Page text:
Railway networks around the world have initially adopted timber sleepers for railway line construction. With time, those timbers deteriorate and emit carbon back to the environment. At present, it is difficult in practice to seek cost-effective hardwood sleepers to replace rotten timber sleepers in time. As a temporary solution, many rail infrastructure managers apply an interspersing method of track maintenance. The interspersing technique is a spot replacement of old timber sleepers with concrete or composite counterparts. This technique is often used as a temporary maintenance for secondary railway lines such as yards, balloon loops or siding. In practice, the interspersed tracks can deteriorate when the tracks are exposed to heavy rains and floods due to the difference in sleeper dimension and stiffness. Under extreme flood events, ballast washaway can be often observed. This study is the world first to demonstrate the vulnerability assessment of interspersed sleeper railways using non-linear finite element simulations, STRAND7. Two moving point loads representing an axle load along each rail have been established to investigate the worst-case, potential instabilities for impaired performance of sleepers and differential settlement of the track. In this study, the emphasis is placed on the effect of ballast washaway on the dynamic displacements and accelerations of rails. The insight will help track engineers develop appropriate climate change adaptation method and policy for versatile operations of interspersed railway tracks facing extreme rainfall and flooding conditions.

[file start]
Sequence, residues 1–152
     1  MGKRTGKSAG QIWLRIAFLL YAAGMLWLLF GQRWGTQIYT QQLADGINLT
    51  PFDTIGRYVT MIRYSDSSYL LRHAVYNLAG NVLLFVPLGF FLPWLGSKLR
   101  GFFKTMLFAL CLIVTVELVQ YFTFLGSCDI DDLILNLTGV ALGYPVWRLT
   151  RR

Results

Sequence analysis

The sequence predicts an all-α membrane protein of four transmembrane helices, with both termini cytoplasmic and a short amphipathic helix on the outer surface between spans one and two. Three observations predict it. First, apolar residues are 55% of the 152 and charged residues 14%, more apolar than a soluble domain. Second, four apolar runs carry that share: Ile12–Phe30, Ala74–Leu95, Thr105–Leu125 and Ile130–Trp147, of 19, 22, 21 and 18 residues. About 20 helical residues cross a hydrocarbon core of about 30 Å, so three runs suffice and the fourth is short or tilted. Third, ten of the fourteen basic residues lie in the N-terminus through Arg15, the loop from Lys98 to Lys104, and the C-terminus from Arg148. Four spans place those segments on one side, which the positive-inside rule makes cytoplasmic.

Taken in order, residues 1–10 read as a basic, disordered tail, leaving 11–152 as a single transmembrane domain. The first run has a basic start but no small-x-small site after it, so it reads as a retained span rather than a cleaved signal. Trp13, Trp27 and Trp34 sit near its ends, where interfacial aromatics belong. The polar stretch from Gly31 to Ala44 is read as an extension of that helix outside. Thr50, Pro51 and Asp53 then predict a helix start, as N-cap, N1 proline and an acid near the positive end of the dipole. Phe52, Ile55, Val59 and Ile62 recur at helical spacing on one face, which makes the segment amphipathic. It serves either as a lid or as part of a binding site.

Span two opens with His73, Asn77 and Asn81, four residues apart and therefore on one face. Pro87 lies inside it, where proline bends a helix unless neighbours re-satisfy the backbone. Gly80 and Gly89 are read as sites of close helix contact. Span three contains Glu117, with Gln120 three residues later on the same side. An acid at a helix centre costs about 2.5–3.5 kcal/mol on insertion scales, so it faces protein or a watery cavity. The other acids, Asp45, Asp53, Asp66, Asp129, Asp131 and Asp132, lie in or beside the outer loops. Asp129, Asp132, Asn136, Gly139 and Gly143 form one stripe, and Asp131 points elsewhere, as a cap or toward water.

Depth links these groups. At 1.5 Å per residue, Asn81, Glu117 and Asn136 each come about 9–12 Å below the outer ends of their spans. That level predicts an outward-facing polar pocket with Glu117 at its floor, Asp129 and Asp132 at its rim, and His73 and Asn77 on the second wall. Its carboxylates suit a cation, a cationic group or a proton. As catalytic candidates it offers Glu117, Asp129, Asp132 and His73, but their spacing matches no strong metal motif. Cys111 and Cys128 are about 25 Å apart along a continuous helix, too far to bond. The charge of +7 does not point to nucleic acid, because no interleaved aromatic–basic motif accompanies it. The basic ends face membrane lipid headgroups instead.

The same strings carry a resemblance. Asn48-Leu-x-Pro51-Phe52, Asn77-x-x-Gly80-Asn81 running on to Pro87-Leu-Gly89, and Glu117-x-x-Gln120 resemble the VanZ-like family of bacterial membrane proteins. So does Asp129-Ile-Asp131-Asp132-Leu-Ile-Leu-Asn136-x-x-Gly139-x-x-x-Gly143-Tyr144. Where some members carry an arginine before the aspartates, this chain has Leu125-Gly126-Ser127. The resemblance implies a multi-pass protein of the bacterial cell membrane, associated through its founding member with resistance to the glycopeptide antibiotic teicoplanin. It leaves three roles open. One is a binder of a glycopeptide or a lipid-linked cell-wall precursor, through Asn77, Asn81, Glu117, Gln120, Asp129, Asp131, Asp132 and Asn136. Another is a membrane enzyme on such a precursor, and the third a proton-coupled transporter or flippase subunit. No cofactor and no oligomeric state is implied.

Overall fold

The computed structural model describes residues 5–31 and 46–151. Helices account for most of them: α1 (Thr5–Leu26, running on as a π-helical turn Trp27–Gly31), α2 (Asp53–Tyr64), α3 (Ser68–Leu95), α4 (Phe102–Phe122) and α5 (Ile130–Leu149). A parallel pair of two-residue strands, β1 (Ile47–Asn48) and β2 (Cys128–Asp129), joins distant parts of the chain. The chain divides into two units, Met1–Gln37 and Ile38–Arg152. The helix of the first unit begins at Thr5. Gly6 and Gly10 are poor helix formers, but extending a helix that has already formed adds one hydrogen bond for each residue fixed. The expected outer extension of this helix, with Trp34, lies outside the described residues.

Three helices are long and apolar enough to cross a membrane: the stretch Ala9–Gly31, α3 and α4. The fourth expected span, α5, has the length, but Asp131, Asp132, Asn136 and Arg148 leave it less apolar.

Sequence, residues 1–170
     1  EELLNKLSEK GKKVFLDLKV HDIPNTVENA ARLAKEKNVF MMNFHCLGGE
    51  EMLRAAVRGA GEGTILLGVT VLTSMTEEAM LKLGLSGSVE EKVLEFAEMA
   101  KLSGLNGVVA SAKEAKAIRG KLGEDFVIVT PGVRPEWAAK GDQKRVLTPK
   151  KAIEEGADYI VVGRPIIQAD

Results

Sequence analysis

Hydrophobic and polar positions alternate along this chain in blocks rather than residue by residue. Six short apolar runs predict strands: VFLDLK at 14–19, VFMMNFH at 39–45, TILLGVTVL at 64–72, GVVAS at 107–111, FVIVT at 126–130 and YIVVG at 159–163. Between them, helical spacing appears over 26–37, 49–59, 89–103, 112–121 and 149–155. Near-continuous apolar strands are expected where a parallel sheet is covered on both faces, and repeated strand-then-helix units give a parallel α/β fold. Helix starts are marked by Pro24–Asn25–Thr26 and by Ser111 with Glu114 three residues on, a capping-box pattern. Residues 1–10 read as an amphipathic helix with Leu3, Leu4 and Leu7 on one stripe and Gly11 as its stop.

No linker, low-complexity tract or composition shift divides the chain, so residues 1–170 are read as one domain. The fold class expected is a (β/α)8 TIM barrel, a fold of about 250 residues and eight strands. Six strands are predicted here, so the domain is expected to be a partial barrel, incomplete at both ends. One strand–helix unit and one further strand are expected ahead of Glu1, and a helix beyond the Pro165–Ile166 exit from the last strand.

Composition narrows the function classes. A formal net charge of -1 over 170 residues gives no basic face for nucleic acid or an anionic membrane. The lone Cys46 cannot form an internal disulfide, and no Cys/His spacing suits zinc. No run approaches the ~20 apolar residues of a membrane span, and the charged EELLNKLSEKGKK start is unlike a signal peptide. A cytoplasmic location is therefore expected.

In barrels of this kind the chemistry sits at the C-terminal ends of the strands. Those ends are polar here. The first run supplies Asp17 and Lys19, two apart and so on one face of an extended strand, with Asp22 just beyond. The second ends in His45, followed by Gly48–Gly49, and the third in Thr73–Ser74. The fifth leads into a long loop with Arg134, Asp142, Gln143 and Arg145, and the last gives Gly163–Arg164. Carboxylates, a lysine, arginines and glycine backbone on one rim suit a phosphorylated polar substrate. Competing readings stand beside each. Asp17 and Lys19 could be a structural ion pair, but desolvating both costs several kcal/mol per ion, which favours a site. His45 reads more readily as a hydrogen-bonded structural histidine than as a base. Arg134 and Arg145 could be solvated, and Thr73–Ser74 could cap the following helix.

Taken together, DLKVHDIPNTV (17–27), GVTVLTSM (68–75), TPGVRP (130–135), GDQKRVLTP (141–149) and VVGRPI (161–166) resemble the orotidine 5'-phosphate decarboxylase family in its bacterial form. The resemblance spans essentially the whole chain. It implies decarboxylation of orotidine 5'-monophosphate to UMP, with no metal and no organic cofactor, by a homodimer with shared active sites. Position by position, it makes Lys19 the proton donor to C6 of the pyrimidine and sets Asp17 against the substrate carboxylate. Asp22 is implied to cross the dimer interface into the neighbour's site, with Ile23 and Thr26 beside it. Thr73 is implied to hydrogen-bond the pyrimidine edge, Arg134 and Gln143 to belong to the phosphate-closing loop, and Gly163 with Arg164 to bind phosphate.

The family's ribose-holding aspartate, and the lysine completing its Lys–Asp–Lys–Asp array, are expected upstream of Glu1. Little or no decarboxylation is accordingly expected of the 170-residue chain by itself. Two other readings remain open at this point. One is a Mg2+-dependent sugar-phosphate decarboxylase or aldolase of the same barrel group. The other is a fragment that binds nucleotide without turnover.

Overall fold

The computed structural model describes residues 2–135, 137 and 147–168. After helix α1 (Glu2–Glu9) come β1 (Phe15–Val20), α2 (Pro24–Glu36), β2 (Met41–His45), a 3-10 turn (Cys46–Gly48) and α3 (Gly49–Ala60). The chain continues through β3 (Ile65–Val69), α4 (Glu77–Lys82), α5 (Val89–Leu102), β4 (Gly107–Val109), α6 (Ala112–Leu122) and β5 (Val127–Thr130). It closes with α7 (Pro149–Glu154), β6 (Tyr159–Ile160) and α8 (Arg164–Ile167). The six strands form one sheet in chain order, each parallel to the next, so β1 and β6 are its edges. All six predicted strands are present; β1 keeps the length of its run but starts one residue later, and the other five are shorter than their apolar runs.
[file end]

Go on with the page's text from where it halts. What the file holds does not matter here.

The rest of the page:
|Name|| Springer Tracts in Civil Engineering|
|Conference||Virtual Conference on DISASTER RISK REDUCTION |
|Period||15/03/21 → 20/03/21|
- interspersed tracks
- ballasted tracks
- extreme condition